Also known as newspaper blackout poetry, the author uses a permanent marker to cross out or eliminate whatever words or images he sees as unnecessary or irrelevant to the effect he's seeking to create. The central idea is to devise a completely new text from previously published words and images, which the reader is free to interpret as he wishes.
This assignment has two parts: Part I Think back to the Aesop fable about the lion and the man and how the lion is represented in a stone statue as weaker than man.
Importantly, the statue is rendered from the perspective of the man. Think about the writing strategies those writers used to help build a body of African American literature. Your job is to pick a writer whose style of writing you think you can imitate.
Do not attempt to re-write the entire short story. You can pick a scene, a central moment of action where there is a beginning, middle, and end. For example, you could re-write the beginning of the story when Paulina initially decides to run away.
Or you can reimagine the final scene, and expand it, where Theresa is reunited with her family. How does word choice change if I retell this story from the perspective of a writer during the Black Arts Movement?
This project is your chance to think more about that. Your re-write need not be long, anywhere from 2, to words, but it should be complete with a beginning, middle, and end. Of course, this is a project of speculation.
You are to use your imagination; however, that imagination should be guided by the historical information. The details, while imaginative, must also be plausible based on information found in the original text.
For example, if a character in the text is a vegetarian, then you cannot say in your re-write that the character eats bacon and grits for breakfast. OR if you do contradict the original text, you should have a good explanation for doing so, which you can explain in the self-reflective essay that will accompany the re-write.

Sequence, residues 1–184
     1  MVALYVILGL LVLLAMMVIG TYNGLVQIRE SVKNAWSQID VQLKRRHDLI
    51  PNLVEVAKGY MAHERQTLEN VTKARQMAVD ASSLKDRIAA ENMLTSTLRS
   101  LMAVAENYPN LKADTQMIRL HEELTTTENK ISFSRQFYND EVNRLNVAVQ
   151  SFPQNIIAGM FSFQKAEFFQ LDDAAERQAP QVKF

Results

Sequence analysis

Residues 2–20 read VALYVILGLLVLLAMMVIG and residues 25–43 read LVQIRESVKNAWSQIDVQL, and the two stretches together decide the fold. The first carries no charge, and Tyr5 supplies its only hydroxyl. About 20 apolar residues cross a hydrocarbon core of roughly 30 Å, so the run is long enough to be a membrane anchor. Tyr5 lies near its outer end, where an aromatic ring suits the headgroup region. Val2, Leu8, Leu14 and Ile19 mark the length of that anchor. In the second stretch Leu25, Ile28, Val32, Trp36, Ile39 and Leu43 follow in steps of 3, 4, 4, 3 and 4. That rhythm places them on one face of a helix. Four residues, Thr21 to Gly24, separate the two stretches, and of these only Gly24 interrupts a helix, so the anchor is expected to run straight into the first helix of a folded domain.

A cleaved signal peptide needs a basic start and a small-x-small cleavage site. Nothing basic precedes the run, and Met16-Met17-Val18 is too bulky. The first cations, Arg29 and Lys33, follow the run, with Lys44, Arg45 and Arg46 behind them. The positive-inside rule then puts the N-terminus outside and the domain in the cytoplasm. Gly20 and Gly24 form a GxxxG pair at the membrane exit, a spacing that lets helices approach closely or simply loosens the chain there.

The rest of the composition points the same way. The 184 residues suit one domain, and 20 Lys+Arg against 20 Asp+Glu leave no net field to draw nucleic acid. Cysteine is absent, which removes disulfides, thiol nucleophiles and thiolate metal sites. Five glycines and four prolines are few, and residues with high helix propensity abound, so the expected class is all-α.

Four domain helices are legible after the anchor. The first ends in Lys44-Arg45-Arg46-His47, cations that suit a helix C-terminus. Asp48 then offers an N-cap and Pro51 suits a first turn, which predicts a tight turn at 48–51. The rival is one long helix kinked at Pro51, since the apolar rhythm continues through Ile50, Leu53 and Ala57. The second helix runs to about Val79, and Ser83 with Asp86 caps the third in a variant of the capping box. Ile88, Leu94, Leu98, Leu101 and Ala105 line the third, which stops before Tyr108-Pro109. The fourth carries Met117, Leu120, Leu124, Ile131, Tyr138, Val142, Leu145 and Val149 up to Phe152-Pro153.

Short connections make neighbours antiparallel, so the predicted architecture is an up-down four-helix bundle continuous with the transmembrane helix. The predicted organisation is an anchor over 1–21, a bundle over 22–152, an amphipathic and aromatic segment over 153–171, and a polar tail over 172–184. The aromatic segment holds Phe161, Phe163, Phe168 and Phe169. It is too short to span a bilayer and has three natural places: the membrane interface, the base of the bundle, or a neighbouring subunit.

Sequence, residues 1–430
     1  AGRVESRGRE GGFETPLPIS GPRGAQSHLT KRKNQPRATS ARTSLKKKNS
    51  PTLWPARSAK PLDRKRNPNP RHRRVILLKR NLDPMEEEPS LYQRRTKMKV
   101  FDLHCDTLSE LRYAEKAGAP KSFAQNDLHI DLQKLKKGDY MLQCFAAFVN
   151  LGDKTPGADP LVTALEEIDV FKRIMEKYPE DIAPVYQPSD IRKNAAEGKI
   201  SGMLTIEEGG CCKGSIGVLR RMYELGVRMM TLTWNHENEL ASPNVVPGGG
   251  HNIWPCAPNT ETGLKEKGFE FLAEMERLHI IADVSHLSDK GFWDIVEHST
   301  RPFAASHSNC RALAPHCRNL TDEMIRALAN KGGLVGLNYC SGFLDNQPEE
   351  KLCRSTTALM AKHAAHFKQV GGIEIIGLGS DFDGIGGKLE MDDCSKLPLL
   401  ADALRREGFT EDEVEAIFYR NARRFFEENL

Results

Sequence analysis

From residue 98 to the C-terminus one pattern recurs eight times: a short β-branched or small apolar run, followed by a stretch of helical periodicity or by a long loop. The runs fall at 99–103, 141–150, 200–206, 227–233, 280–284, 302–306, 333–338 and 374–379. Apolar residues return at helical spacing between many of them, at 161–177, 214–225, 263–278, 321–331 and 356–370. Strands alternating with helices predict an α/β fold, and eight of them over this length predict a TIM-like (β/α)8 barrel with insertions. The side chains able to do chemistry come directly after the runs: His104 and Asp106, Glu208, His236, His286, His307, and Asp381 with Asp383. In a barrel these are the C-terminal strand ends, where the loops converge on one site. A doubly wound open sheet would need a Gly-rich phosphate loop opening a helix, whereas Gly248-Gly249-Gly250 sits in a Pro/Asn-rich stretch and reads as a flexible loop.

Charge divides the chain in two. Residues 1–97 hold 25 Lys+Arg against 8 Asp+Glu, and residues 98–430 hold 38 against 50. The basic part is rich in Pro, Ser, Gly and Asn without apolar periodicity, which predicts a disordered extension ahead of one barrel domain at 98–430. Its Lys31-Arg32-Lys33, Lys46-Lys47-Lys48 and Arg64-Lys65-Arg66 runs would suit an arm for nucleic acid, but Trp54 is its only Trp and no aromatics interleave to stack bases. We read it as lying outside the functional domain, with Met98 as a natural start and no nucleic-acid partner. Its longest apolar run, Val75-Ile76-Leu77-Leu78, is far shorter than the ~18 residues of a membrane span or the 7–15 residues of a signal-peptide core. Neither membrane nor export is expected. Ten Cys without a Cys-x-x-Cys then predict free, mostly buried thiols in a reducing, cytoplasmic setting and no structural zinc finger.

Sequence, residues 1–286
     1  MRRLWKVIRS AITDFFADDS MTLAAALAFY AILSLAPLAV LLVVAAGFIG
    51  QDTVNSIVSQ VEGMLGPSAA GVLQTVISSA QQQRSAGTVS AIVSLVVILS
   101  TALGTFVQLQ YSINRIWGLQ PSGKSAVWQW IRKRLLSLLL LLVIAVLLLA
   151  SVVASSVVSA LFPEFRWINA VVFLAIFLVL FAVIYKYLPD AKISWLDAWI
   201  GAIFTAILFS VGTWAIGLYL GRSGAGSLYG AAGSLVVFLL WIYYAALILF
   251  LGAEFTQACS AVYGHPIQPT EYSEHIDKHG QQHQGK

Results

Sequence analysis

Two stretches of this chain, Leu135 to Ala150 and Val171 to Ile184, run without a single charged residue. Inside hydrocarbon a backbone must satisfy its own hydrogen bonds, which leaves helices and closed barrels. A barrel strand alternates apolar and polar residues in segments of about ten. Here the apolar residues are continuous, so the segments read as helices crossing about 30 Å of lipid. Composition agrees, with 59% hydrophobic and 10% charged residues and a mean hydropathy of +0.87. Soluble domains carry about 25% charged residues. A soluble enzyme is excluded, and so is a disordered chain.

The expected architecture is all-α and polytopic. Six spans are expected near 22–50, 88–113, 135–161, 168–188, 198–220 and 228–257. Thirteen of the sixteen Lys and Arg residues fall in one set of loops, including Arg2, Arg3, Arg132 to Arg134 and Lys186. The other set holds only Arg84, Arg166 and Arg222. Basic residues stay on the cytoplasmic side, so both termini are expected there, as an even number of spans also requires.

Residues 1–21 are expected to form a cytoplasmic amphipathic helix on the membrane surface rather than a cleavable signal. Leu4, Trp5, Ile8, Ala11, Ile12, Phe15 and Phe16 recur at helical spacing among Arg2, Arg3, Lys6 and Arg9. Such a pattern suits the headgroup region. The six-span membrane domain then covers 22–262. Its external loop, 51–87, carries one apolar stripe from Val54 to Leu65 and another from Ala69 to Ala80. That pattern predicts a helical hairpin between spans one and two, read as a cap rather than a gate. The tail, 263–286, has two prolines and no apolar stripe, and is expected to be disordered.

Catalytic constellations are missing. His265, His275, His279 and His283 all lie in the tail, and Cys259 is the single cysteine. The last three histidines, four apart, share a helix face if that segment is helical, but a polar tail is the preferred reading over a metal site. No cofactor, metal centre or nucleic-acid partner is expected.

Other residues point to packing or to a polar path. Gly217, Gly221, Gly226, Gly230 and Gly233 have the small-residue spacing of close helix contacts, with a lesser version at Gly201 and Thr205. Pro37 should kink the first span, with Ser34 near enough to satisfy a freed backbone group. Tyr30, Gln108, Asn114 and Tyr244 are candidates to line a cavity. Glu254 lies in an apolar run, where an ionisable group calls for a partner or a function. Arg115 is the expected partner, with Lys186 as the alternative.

Part II The re-write should be accompanied by a word self-reflective essay in which you explain and justify the imaginative choices you made in your re-write.
The self-reflective essay should make some kind of effort to walk me through the analytical process you went through in making particular choices when crafting your re-write. The essay should address questions such as: That is, how do the contours of the story change when told from the perspective of a different author?
What might this new perspective tell us about the original story? How does the re-write rely on information from the original text? What kinds of difficulties did you encounter in doing the re-write and what might be the limitations of engaging in this kind of speculative work?Lessons and activities for teaching respect If your students lack it or could stand to learn more about it, we offer five lessons to get them talking and thinking about respect.
Introduction. This lesson plan is tailored to complement the National Curriculum guidelines on teaching poetry in KS1. The Senses. Write the 5 senses on the board and discuss them with the class. Rationale Found poems are created through selection and organization of words and phrases from a text.
This method provides a structured way for students to review material and synthesize their learning. opportunity to think and write critically about a classic piece of poetry, consistent with the ELA Common Core Standards for Grades StudySync Lesson Plan.
On my desk lay poetry lesson plans, poetry analysis activities, and a copy of the Portable Walt Whitman.
I share my favorite lesson with you. It’s called Poetry Speed Analysis. Procedures. Before doing this assignment, students should know how to annotate and analyze a poem. According to the Wikipedia, Found Poetry is: a type of poetry created by taking words, phrases, and sometimes whole passages from other sources and reframing them as poetry by making changes in spacing and lines, or by adding or deleting text, thus imparting new meaning.